Office 2021 LTSC Activation Woes: A Guide for RDS Administrators


Could you provide guidance on an issue where multiple new 2022 RDS servers running Office 2021 LTSC are experiencing intermittent license deactivation? Despite successful activation with a RETAIL(MAK) key via the ospp.vbs tool, they sporadically revert to an unlicensed VOLUME_KMSCLIENT state, prompting users with an “Office is not activated” warning. Reactivation temporarily resolves the issue, but it recurs without apparent cause. The ospp.vbs /dstatus command indicates a successful license status post-reactivation, yet the problem persists. Notably, an application log event coincides with each deactivation instance. The environment precludes the use of Office 365 due to generic restricted logins for medical purposes without M365 accounts. Any insights or solutions to prevent these random deactivations would be greatly appreciated.


System administrators managing new 2022 Remote Desktop Services (RDS) servers with Office 2021 Long Term Servicing Channel (LTSC) are encountering a perplexing issue: licenses are randomly deactivating. Despite successful activations with a Retail Multiple Activation Key (MAK) using the `ospp.vbs` tool, the servers revert to an unlicensed state, indicated by the VOLUME_KMSCLIENT channel. This results in users receiving an “Office is not activated” warning when attempting to use Office applications.

The Symptoms:

The `ospp.vbs /dstatus` command shows that the license status is normal after reactivation, but the problem unpredictably recurs. An event in the application log, specifically an Event ID 1016 from the Microsoft-Windows-Security-SPP source, is logged each time Office loses its activation.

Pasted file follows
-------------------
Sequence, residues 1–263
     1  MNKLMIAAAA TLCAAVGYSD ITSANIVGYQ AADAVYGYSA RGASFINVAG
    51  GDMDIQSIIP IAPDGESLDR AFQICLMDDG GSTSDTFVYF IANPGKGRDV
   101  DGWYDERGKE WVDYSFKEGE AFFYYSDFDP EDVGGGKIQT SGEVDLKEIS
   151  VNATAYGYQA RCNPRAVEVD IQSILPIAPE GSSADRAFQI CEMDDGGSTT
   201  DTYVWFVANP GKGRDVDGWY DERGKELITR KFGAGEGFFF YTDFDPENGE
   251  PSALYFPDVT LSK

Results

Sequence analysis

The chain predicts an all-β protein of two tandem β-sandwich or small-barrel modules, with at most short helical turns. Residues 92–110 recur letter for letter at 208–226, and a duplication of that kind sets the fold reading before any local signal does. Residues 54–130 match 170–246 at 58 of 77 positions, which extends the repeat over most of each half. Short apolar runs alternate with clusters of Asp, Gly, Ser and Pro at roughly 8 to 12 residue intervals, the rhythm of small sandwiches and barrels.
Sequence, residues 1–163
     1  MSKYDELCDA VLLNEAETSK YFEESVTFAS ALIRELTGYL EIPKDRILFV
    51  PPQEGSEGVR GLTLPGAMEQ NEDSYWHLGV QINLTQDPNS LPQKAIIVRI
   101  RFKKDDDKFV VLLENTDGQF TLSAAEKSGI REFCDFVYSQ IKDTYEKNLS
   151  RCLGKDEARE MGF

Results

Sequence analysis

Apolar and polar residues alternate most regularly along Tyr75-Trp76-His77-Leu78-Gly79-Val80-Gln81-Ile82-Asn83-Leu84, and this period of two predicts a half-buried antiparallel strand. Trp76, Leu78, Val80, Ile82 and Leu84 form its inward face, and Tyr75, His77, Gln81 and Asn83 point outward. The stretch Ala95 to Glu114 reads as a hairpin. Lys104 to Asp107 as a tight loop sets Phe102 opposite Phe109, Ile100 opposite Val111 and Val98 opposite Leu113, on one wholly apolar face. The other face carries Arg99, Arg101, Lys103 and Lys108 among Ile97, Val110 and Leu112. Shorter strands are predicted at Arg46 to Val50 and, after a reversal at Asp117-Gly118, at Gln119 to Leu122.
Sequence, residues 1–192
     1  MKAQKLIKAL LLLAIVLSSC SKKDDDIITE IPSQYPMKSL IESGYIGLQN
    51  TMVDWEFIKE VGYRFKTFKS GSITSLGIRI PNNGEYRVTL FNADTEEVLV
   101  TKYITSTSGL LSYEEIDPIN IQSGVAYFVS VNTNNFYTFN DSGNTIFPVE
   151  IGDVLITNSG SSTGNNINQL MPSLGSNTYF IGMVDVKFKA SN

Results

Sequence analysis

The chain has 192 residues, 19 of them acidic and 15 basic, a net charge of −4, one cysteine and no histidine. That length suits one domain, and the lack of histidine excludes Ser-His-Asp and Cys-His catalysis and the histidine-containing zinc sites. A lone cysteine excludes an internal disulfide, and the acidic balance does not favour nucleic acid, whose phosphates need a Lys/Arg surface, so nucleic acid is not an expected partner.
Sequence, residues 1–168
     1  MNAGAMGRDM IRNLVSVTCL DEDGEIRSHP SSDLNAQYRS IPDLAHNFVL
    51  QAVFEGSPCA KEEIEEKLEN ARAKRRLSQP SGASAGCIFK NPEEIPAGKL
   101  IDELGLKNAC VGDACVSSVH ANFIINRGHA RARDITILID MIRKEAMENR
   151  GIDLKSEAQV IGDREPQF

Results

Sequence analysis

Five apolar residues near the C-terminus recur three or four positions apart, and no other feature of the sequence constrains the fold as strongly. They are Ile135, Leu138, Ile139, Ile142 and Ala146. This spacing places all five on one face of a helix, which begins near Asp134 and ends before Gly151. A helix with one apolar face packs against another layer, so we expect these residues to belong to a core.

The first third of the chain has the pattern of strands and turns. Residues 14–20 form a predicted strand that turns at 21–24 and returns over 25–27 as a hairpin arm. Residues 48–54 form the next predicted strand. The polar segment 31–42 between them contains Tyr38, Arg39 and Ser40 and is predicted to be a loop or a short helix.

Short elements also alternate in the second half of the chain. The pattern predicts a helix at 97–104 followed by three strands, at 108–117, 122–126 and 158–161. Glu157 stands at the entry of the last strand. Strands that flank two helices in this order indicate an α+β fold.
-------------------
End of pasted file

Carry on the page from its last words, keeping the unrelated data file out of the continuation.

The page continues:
The Environment:

The affected environment is unique in that it uses generic restricted logins for medical purposes, without individual Microsoft 365 (M365) accounts, ruling out the use of user-licensed Office 365 as a solution.

Possible Causes and Solutions:


Conflicting KMS Configuration:

The presence of a VOLUME_KMSCLIENT configuration suggests that there might be a residual Key Management Service (KMS) setup that conflicts with the MAK activation. To resolve this, check for any Group Policy Objects (GPOs) or scripts that might be inadvertently setting KMS options and remove them.


Scheduled Tasks:

Investigate any scheduled tasks that might be running the `ospp.vbs` script with parameters that could trigger a switch to KMS client mode.


Network Issues:

Ensure that the servers have a stable connection to the activation servers. Network disruptions could cause the servers to attempt KMS activation, which fails due to the lack of a KMS infrastructure.


License State Scripts:

Implement a script that regularly checks the license state and automatically attempts reactivation if it detects an unlicensed state. This can serve as a temporary workaround while investigating the root cause.


Contact Microsoft Support:

Since this issue involves a RETAIL(MAK) key and a volume license channel, reaching out to Microsoft Support for guidance tailored to your specific environment and licensing setup would be advisable.


Office Deployment Tool (ODT):

Use the Office Deployment Tool to explicitly define the licensing channel and prevent it from defaulting to KMS client mode.


Registry Tweaks:

Examine the registry for any entries related to KMS activation and remove them. Be cautious with registry edits and ensure you have backups before making changes.


Intermittent license deactivation issues can be disruptive and challenging to diagnose. A systematic approach to eliminating potential causes, combined with vigilant monitoring, can help identify the underlying problem. In environments where traditional solutions are not applicable, creativity and persistence in troubleshooting are key to finding a resolution. Remember, when dealing with licensing issues, always ensure compliance with Microsoft’s licensing terms and conditions.

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